What we are left with then is seven stubborn individuals, who previously called themselves friends. Although the styles of conflict are different in each person, the effect is the same. Not one person in the group can rise above the collective dysfunction. Each of us behaves in ways we would never normally behave. Frankly, the experience of working with this group has been nothing short of an absolutely awful nightmare. In smaller groups, it’s fine. Collectively, we’re a microcosm of all that’s wrong with human relations. Conflict reigns supreme and it’s person against person, ego against ego, idea against idea.

The whole thing has really been that bad – it’s been unsavoury, from top to bottom. We stopped short of physical violence, but I’ll admit that I visualised high kicking one or more of my collaborators in the face, and that the hours of endless discussion around the table felt pretty embittered most of the time. As we sat around the table staring at each other, it felt like broken down peace talks between warring nation states. There seemed to be little regard for what started the particular debate in the first place. It had devolved into protectionism; each person simply protecting their own little piece of power at all costs.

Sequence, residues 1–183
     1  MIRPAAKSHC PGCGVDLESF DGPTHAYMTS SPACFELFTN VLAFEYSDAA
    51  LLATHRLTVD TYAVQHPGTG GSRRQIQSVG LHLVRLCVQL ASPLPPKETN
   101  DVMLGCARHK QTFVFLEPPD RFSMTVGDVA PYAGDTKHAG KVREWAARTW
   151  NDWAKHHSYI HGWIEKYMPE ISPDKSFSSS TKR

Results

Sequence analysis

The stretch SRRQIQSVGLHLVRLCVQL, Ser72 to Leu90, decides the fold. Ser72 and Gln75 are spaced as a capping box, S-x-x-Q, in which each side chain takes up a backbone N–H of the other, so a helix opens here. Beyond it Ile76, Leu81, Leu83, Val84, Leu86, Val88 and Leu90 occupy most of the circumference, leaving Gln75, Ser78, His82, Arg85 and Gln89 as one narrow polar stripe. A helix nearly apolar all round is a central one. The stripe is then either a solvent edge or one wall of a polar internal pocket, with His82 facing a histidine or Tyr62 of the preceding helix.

I now understand how friendships can be broken by such scenarios. This is when the worst sides of human nature rear their ugly heads. I can recognise the absolute frustration of trying to communicate with people in a situation where communication repeatedly breaks down in a series of negative cycles. The project (or relationship, or whatever! this is a transferrable scenario) is just set up to be a very difficult one. Maybe it’s all about specificity. Some people can work together, in certain situations, at certain times. Other times it’s always going to be a struggle. Change any variable and you might potentially have problems. It’s all even more delicate than I realised.

As the weeks wore on, my shoulders tightened, my teeth clenched, and I couldn’t get to sleep at night. It was extremely difficult to relax and let go of the stresses of this scenario. I love all of the people in the group, but we really drove each other crazy. The combination just didn’t make for a pleasant process. Personally, I made a conscious decision to voice my views and opinions, rather than gritting my teeth and keeping shtum for the sake of keeping the peace. If I felt something was unreasonable, I said so. I tried to retain my integrity without being too inflexible, but I did lose my rag a couple of times out of sheer frustration.